We identified 115 potentially relevant articles for detailed review (Figure
1). We excluded 51 articles during initial screening because they were not directly referring the effect of micronutrients on pregnancy. The remaining 64 articles were again analyzed for their internal consistency with the research objectives and some 47 of them were found not relevant and/or incomplete, hence excluded for the second time. The remaining 17 of were considered for final review and analysis. From these finally accommodated articles, five of them were related to the effect of Calcium and vitamin D supplementation, three of them were about Iron and iron folic acid supplementation, and the remaining majority
 articles reviewed were about the effects of MMN supplementations on pregnancy and its outcomes.
Though some degrees of variation by type and amount of micronutrients supplied are observed, the results of the final analysis of the most articles reviewed, favored the supplementation of micronutrients to pregnant mothers.
The systematic review of clinical trials by Buppasiri P et al. from Thailand, with the objective of determining the effect of calcium supplementation on maternal, fetal and neonatal outcomes revealed that Calcium supplementation is associated with a significant protective benefit in the prevention of pre-eclampsia and improving mean infant birth weight. The same study also confirmed lack of additional benefits for calcium supplementation in prevention of preterm birth or low infant birth weight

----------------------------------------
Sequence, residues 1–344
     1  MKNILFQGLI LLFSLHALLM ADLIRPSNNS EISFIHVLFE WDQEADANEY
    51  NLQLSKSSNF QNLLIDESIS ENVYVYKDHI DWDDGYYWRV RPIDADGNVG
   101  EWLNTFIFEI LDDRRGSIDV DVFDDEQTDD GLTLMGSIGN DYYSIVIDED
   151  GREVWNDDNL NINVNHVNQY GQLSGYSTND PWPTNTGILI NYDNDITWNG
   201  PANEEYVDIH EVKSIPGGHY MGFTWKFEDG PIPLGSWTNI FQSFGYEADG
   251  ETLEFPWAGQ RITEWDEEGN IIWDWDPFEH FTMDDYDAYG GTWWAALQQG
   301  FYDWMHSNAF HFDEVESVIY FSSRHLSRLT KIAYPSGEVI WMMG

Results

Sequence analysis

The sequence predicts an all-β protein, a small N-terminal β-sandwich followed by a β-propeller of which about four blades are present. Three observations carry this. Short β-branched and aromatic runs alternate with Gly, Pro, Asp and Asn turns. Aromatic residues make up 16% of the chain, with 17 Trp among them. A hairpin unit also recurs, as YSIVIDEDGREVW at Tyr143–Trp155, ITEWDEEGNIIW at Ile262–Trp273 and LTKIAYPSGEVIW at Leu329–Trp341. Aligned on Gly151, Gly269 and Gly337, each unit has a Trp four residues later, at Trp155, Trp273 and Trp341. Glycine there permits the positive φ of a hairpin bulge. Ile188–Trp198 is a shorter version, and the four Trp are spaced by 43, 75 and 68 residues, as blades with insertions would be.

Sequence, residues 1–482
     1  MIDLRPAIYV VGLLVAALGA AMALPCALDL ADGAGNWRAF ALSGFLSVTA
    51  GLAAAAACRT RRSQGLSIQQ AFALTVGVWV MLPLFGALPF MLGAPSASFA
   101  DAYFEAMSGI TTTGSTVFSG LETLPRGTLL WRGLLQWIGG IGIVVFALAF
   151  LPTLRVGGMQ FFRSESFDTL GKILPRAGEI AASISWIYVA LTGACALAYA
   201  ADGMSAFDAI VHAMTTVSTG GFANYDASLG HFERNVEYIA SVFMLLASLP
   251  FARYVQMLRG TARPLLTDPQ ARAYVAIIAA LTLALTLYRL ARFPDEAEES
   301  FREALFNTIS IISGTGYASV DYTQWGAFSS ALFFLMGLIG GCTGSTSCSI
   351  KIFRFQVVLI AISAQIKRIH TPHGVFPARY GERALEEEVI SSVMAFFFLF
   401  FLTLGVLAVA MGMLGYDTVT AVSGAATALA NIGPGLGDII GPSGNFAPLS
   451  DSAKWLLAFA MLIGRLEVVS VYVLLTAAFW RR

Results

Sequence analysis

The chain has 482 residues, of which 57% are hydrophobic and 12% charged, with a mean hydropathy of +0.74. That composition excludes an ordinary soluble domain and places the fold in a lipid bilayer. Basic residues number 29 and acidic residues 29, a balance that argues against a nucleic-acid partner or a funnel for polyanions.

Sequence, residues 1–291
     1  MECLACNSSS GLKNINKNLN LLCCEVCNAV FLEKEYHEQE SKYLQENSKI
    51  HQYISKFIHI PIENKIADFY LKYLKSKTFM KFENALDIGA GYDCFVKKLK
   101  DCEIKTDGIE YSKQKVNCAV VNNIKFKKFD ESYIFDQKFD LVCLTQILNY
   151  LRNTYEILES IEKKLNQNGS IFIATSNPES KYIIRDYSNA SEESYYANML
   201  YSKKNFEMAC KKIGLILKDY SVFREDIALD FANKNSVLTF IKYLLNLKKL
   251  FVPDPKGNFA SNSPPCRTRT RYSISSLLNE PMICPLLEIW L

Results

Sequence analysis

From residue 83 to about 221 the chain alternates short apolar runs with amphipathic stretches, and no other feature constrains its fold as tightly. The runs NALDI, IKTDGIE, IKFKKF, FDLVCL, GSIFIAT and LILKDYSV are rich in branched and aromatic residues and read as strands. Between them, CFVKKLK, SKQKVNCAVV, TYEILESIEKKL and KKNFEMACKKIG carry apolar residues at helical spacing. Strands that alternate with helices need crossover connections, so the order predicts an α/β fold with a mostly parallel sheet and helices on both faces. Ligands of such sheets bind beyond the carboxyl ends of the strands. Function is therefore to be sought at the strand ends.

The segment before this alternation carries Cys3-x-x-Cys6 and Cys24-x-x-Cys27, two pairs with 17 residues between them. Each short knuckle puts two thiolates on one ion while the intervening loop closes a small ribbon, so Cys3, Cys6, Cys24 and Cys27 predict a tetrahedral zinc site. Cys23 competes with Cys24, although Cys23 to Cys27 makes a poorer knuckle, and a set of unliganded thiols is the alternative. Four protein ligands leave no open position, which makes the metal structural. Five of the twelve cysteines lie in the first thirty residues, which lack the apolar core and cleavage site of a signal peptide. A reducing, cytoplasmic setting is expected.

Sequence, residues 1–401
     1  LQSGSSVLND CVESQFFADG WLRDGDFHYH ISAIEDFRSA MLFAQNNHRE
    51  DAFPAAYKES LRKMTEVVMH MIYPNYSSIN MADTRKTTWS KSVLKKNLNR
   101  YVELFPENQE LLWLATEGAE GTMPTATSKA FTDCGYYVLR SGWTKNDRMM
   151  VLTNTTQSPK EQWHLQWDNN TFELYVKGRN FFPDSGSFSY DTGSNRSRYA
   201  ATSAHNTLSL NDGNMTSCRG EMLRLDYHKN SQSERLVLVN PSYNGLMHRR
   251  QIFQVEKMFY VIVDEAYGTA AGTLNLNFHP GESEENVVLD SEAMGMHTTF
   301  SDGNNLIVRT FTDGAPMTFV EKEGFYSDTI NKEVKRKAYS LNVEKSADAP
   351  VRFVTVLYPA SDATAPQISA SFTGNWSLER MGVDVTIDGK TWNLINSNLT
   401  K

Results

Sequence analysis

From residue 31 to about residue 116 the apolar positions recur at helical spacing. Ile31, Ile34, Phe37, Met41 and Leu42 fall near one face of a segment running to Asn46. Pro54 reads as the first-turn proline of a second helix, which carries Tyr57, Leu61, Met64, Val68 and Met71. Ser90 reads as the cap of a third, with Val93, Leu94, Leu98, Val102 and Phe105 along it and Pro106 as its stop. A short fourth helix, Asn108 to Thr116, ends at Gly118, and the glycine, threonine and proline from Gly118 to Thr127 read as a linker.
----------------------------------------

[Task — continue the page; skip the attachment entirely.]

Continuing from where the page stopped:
Another study with a similar finding by Hofmeyr GJ et al. concluded that Calcium supplementation appears to almost halve the risk of pre-eclampsia, and to reduce the rare occurrence of the composite outcome ‘death or serious morbidity’, with no other clear benefits, or harms
The thesis based study by Melody B. on maternal vitamin D status during pregnancy as a predictor of offspring bone mass at three years of age shows that maternal vitamin D status during pregnancy did not predict for the child at 3 years of age
. Another systematic review by Bruce W. on dietary vitamin D requirements during pregnancy and lactation recommends further studies to determine optimal vitamin D intakes for pregnant and lactating women as a function of latitude and race
Similarly, the study by Dror DK et al. shows the existence of recent evidence supporting the role of maternal vitamin D status, particularly early in pregnancy, in modulating the risk of pregnancy complications and in sustaining fetal growth, bone development, and immune maturation
On the other hand, according to the findings of the many of the final articles reviewed; though few disfavored the beneficial outcomes of supplementing MMN to pregnant mothers; majority of the others in one way or another supported the presence of significant association and benefit of MMN supplementation with at least one birth outcome.
Among the studies against the added role of supplying MMN to pregnant mothers, the study by Parul Christian, which was about the Effects of alternative maternal micronutrient supplements on low birth weight in rural Nepal, revealed that Antenatal folic acid-iron supplements modestly reduce the risk of low birth weight but MMN confer no additional benefit over folic acid-iron in reducing this risk